Nintendo said it wasn't showing new hardware at E3 2014, but it's actually bringing a new NFC reader for 3DS, as part of a suite of cross-compatible 3DS and Wii U games.
The new hardware was announced today during an investor briefing. The briefing text is available in Japanese, but various Twitter users have translated details, including reliable analyst David Gibson.
According to these reports, a new series of games and figures codenamed Nintendo Figurine Platform is in the works. For 3DS, there's a reader that uses infra red communication, while the Wii U will use the Game Pad's in-built NFC abilities.
The NFC reader will be used with figurines, and will be capable of both reading and writing data, so that you can customise characters to your own tastes.
Rather than being confined to one game like the Skylanders or Disney Infinity add-ons, the figurine will be compatible with a range of titles - giving publishers an interesting way to sell add-on content, perhaps. Only one figurine was shown during the briefing - Mario, of course.
The figures and peripheral have been in the works for about one year, and will be shown at E3 2014 along with a number of software titles.
The NFP is just one initiative from the new Business Development department, which is also working on finding new markets and investigating smart devices.
Nintendo had told us it wasn't bringing hardware to E3, but was presumably referring to consoles when this comment was made; the 3DS NFC reader is a peripheral.
3DS and Wii U
The 3DS has hit 43 million sales worldwide, Nintendo president Satoru Iwata told investors, commenting that it is now time for the platform holder to rake in the rewards of its efforts with the portable. The new Pokémon and the international release of Tomodachi Life were presented as upcoming highlights, as well as upcoming third-party titles like Monster Hunter 4G and Yo-kai Watch 2.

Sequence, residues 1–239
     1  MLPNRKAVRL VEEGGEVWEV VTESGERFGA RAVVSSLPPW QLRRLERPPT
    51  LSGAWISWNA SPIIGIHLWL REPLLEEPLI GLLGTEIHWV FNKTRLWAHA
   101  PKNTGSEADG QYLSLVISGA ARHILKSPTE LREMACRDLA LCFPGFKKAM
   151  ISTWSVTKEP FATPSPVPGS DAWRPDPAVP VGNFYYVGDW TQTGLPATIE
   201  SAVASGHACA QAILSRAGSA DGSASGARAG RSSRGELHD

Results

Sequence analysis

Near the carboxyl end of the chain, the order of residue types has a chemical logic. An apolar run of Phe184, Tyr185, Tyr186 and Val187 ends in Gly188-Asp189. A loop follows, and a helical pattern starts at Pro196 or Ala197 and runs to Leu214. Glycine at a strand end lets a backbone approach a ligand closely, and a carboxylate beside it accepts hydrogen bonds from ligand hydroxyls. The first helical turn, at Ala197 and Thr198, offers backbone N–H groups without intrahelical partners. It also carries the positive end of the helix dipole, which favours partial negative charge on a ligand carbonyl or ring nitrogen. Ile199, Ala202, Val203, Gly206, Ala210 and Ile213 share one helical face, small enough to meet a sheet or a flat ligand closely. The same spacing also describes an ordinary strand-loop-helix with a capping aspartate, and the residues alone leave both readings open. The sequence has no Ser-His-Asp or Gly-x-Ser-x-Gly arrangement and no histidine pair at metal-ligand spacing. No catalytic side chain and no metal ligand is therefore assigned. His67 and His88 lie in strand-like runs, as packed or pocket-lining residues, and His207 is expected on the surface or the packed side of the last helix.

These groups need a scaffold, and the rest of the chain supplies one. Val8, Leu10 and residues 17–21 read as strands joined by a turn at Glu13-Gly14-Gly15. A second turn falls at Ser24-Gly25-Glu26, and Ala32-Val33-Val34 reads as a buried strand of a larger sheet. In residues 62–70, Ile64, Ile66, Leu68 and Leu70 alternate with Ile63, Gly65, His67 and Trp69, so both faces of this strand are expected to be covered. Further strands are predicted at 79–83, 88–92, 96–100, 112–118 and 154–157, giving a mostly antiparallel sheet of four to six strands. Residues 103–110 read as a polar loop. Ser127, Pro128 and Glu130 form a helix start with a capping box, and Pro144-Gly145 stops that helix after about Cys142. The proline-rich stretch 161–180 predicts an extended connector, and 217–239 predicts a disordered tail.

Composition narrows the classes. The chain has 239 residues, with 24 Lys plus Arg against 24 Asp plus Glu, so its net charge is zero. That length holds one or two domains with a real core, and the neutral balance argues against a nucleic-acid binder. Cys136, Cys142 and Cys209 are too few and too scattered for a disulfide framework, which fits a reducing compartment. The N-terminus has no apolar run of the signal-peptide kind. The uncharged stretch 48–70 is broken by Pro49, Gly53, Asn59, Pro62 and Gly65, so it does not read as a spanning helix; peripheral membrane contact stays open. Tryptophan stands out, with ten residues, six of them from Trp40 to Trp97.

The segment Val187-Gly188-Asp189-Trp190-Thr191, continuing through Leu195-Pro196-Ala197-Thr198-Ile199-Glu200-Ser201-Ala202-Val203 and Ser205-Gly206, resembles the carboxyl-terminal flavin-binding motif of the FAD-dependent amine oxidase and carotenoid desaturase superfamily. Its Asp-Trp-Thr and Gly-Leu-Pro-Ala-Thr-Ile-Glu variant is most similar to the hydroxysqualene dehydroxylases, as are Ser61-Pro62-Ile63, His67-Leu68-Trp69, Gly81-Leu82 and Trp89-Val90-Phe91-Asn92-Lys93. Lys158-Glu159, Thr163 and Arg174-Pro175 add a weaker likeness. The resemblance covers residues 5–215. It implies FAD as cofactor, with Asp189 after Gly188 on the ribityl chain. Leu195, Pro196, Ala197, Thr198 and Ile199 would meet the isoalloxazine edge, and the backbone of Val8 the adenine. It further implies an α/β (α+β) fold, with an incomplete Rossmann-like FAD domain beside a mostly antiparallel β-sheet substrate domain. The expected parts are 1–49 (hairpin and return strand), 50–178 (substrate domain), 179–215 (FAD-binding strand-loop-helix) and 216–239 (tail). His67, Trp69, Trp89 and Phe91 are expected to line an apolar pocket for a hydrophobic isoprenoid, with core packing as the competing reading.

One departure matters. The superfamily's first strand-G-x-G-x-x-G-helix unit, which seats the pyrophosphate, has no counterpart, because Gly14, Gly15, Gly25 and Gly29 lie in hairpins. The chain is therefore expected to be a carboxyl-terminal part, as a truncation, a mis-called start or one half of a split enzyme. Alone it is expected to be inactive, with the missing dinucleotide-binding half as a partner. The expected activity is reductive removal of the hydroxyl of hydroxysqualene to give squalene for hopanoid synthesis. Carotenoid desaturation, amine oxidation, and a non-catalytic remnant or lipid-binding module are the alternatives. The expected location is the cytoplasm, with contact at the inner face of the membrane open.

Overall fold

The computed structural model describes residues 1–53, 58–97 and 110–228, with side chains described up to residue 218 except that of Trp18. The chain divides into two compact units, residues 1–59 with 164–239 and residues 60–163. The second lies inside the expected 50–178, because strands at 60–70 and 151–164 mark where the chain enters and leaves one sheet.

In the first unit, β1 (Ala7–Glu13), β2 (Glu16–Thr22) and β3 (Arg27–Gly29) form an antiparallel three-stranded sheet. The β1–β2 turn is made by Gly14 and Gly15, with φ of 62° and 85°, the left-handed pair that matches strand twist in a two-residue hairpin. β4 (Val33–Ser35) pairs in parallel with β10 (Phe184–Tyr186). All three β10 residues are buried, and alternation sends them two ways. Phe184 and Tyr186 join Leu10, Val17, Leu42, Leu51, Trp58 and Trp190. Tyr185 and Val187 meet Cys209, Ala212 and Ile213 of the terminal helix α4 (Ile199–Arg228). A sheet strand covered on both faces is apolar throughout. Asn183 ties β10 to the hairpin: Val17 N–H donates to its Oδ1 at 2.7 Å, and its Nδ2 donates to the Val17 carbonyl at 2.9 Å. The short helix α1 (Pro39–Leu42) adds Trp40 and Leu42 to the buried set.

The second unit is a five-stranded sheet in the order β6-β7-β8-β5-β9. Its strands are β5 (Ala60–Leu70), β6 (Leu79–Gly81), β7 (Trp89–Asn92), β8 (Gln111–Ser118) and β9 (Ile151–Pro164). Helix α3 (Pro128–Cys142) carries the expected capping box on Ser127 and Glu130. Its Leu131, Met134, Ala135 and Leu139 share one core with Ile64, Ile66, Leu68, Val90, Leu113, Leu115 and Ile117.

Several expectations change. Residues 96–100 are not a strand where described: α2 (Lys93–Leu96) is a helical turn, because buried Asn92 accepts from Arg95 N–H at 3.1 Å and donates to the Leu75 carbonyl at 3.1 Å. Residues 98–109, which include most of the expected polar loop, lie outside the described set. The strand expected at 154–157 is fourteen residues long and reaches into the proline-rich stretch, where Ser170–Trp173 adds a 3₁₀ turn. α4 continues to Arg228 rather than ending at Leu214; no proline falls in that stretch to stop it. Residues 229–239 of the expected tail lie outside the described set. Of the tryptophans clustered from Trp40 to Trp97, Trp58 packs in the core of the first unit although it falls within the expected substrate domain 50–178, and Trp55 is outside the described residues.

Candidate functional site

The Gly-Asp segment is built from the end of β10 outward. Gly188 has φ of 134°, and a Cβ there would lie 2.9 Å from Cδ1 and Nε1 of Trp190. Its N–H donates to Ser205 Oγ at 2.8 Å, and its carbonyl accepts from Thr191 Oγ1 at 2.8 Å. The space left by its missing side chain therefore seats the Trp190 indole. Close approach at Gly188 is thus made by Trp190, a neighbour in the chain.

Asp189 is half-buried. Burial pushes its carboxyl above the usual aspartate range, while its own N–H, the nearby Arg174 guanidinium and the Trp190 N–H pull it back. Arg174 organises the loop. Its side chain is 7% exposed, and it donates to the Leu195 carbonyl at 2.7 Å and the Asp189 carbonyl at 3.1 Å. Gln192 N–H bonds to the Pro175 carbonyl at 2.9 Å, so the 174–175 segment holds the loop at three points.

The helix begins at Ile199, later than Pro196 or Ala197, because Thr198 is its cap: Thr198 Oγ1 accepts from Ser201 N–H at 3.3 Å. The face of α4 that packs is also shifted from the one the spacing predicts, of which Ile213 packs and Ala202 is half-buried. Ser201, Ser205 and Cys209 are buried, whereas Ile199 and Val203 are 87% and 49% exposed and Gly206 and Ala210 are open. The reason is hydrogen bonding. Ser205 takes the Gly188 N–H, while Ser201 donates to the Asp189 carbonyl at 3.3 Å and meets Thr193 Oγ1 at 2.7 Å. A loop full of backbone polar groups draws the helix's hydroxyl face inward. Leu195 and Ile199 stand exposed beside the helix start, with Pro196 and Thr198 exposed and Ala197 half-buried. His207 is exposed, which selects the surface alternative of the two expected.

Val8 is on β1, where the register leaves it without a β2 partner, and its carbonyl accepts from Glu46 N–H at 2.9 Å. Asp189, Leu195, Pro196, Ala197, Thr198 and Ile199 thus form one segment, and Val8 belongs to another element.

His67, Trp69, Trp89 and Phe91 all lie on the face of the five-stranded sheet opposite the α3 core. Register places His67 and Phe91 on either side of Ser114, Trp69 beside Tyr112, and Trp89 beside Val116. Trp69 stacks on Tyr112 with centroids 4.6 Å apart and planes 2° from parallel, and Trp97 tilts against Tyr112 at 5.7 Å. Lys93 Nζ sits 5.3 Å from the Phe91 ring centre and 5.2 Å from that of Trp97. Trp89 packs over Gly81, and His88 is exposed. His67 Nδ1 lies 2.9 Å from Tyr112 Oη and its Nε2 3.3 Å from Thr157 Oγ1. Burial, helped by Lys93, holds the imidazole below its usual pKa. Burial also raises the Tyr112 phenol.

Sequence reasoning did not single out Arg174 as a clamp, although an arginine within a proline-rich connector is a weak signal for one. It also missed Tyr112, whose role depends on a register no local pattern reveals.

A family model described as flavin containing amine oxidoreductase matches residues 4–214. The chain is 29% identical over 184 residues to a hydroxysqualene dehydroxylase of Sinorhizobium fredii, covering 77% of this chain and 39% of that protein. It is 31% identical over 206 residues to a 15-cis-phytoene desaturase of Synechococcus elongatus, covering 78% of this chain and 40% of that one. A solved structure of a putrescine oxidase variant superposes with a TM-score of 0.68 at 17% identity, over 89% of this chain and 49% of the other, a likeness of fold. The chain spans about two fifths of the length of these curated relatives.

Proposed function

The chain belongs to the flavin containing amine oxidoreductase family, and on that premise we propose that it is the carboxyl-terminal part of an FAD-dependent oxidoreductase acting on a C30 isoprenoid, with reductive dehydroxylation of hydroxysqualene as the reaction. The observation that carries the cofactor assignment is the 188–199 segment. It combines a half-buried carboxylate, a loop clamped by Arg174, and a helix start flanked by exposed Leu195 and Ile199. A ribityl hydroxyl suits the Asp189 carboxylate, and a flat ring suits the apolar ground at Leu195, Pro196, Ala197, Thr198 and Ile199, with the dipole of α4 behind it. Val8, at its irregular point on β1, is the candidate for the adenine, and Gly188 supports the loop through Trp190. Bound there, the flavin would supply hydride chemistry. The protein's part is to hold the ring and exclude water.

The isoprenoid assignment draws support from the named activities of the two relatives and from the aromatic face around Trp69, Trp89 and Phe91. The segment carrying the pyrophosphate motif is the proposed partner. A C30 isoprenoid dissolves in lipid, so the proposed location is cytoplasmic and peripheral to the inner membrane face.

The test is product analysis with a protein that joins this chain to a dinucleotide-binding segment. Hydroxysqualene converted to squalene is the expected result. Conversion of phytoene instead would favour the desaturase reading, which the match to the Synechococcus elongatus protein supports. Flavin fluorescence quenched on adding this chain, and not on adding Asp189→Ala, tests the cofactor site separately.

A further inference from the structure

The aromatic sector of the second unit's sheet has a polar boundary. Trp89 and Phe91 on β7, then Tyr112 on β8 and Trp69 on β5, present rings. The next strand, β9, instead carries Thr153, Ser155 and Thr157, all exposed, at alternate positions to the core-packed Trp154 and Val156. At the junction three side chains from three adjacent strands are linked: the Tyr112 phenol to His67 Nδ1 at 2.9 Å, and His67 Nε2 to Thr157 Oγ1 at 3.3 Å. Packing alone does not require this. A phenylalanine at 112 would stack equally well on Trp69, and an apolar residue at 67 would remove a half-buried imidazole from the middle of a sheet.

As for the Wii U, Nintendo hopes Mario Kart 8 and Super Smash Bros will help it gain momentum. More Wii U games will be shown at E3, apparently.
The Wii U's June system update will increase the console's boot time by 20 seconds, Iwata added.
One final note on the Wii U: Nintendo said the 3.6 million 2014 sales forecast it made during its end of year financial report is "conservative". However, the company doesn't currently have the stock on hand to meet this target. The hardware is no longer selling at a loss.
The first smart device app will go live by the end of the fiscal year, Nintendo said.: Mario Kart TV will allow players to share clips and rankings.
Nintendo said it has nothing to announce at present but is still looking into licensing its properties; it announced this initiative at its last investor briefing, but it's yet to bear publicly-aired fruit.
Nintendo's development teams will move into a new building around June, where they will be able to collaborate and share with each other more freely than in their current, insular office set up.
Iwata said he expects to increase profits this financial year, and although the following year won't be huge, it will set a solid foundation for FY17. Nintendo's quality of life platform will be an intrinsic part of this growth, and Iwata asked investors to have trust that Nintendo knows how to get people hooked.
The president said Nintendo is not pessimistic about its future in games but wants to explore other business strategies as well. This is not uncommon in Japan; Bandai Namco is one half toy empire, Konami makes most of its money from gyms, and Sega Sammy runs pachinko parlours. Iwata said Nintendo sees itself as an "entertainment company" rather than a games company.
Investors asked when Nintendo would release a new console, and Iwata said he couldn't predict such a thing right now. He went on to say Nintendo won't release new hardware if current users aren't satisfied. Well.
Regarding its push for new markets, Iwata said Nintendo wants to bring something special to these territories rather than localise existing products and bump the price up.